Piriform Curve

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The piriform curve is a knob-shaped x-symmetric closed curve with parametric equations
x(t) = 1 + sin(t)

y(t) = [1 + sin(t)]cos(t), 0 ≤ t < 2π

The curve is traced out clockwise as t increases, starting from the point (x(0),y(0)) = (1,1). Its extreme abscissas occur at (2,0) when t = π/2 and at the origin when t = 3π/2. The maximum ordinate of the piriform curve occurs at when t = π/6, so the width x height of its bounding rectangle is


We have
x'(t) = cos(t)

y'(t) = cos(2t) - sin(t),

so by (L1), the perimeter of the piriform curve is
and its area is π. By (C1), its centroid abscissa is
(Note: WolframAlpha has omitted the division by π.)

Convex Hull

We have
x''(t) = -sin(t)

y''(t) = -2sin(2t) - cos(t),

so by (X1), the piriform curvature changes sign at the origin since
cos(t)[-2sin(2t) - cos(t)] = -sin(t)[cos(2t) - sin(t)]
is satisfied for t = 3π/2. Equation (X2) is evaluated with respect to the origin as
which has a solution in the upper half-plane at t = 0, so the convex hull line segments extend between the origin and the points (1,±1). These line segments are shown in blue in the left diagram below, and each has length By (L1), the perimeter of the convex hull is:
which is less than 1% shorter than that of the piriform curve.

The line segments of the convex hull create an isosceles triangle with area 1. The centroid abscissa of this triangle is the average of its vertex abscissas, or 2/3. By (A1), the remainder of the convex hull has area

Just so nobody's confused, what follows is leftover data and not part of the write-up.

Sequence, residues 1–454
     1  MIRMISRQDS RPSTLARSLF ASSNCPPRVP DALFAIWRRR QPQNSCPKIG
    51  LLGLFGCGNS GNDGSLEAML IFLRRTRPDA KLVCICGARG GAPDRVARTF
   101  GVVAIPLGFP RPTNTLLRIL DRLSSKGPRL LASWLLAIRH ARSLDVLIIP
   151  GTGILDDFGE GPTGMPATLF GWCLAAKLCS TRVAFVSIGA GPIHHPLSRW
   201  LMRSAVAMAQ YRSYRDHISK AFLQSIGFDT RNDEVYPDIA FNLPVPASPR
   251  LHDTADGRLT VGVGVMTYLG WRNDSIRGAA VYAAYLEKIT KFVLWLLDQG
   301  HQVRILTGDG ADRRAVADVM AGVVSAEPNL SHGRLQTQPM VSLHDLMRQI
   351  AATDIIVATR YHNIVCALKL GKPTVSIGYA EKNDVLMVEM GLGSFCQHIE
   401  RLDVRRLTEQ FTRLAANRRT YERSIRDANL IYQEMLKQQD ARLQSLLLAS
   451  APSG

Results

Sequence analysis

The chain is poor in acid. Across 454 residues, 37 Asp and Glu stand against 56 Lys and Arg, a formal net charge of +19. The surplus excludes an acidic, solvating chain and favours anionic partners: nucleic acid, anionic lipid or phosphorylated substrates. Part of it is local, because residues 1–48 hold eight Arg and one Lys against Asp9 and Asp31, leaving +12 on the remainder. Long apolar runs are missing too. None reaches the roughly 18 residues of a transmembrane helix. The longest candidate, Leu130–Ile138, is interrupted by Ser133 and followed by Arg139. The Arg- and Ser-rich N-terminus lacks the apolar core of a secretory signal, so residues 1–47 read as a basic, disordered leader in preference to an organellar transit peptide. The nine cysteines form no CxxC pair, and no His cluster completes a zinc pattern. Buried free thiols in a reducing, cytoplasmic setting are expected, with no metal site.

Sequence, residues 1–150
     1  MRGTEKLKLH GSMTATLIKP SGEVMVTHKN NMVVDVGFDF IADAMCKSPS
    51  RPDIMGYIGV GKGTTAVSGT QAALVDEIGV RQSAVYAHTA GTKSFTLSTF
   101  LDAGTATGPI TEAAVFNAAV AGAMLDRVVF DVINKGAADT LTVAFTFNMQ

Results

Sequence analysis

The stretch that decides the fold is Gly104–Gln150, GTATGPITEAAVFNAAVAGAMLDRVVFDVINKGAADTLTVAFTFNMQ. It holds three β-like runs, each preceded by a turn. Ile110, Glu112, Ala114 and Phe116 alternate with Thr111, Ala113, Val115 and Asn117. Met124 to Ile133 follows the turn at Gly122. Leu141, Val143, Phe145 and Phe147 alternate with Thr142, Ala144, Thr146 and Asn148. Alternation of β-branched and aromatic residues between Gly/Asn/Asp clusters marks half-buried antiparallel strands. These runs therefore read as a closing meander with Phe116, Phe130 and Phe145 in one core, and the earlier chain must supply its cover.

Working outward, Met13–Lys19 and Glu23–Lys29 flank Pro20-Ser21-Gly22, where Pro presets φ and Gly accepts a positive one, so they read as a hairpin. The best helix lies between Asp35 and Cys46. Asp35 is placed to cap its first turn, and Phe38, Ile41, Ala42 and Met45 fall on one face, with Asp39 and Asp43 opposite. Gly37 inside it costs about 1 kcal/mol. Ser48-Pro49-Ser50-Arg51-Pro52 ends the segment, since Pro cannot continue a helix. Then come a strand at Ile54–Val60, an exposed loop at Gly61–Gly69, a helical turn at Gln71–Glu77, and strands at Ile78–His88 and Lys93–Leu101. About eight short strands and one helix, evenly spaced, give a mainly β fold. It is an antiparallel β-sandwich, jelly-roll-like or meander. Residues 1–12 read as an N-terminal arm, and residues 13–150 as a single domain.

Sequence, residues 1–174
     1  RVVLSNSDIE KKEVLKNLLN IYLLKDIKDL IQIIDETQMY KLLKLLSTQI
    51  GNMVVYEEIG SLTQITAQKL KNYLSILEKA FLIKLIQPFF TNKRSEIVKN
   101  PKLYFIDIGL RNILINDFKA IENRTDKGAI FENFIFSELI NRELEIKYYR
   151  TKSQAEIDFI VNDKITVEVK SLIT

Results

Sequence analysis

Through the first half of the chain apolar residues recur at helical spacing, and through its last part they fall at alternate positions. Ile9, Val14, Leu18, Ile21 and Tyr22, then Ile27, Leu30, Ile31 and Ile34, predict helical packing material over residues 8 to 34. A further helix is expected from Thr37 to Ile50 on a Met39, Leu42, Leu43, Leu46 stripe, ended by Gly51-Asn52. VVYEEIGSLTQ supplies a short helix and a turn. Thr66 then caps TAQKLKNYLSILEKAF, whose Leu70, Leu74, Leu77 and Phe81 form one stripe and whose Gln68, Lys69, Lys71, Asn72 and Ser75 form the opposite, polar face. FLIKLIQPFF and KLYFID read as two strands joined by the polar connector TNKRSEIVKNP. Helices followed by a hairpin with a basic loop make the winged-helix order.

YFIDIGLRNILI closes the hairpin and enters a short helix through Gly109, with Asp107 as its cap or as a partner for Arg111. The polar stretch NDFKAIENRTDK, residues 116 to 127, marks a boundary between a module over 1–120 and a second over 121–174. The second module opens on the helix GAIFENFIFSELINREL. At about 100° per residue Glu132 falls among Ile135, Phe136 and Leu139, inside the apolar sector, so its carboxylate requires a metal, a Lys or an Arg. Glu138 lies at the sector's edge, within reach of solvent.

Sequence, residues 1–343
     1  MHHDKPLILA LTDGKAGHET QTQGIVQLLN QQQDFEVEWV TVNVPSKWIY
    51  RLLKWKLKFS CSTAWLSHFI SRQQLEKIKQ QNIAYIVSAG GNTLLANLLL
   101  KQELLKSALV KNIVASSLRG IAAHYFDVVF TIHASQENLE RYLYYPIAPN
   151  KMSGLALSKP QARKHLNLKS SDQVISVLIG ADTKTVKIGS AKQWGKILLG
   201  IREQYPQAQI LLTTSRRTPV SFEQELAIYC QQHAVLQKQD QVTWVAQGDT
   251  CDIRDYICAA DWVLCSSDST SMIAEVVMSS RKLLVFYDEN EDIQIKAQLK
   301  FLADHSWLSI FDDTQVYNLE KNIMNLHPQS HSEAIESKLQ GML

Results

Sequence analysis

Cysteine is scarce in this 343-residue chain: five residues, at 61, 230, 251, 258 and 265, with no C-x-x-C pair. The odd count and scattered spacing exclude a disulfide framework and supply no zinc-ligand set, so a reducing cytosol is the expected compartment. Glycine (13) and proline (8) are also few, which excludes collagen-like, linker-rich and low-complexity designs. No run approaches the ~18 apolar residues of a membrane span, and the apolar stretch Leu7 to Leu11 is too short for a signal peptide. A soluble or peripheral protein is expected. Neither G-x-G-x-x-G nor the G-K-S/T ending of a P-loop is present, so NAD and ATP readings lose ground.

By (C1), the associated centroid abscissa is
The convex hull component metrics can be summarized as follows:
RegionAreaCentroid abscissaProduct
RemainderA = 2/3 + π/2(4/3 + 5π/8)/A4/3 + 5π/8
Total5/3 + π/22 + 5π/8
The area of the convex hull is 3.237463, about 3% larger than that of the piriform curve. The centroid abscissa of the convex hull is the weighted average
which is 1/(20 + 6π) to the left of the centroid of the piriform curve itself, exactly the same distance as the corresponding value for the teardrop curve.


The maximum ordinate of the piriform curve does not define its inradius since the corresponding abscissa 3/2 is too close to the right edge (2,0), so its incircle is constrained by the right edge. Using z = 2 in Lemma C, we have
and R = |c - z| = . For verification, we have


Using z = 2 in Lemma E,
d/dt [x(t) - z]y(t) = d/dt -cos3(t)
has a zero at t* = 0. The corresponding coordinates are
x* = y* = 1,
from which we have
For verification, we have


Using z = 0 in Lemma E,
d/dt [x(t) - z]y(t) = d/dt [1 + sin(t)]2cos(t)
has a zero at The corresponding coordinates are
from which we have
For verification, we have


Using the origin as the reference point in Lemma C, we have
and R = |c - z| = c. For verification, we have

Summary Table

IncircleR = 5.0739862.048748(1.192450,0)
Piriform curve7.042493.141593(1.25,0)
Convex hull7.0189173.237463(1.224260,0)
CircumcircleR = 8.2659405.437191(1.315565,0)

The piriform curve (red) is a member of a group of similarly-shaped figures described on these pages, including (inside to outside) the teardrop curve, the Tschirnhausen cubic, the right strophoid and the Trisectrix of Maclaurin:

The piriform curve adjoins and is the same height as the cardioid:

Relationship with the teardrop curve

See the section on the teardrop curve page.

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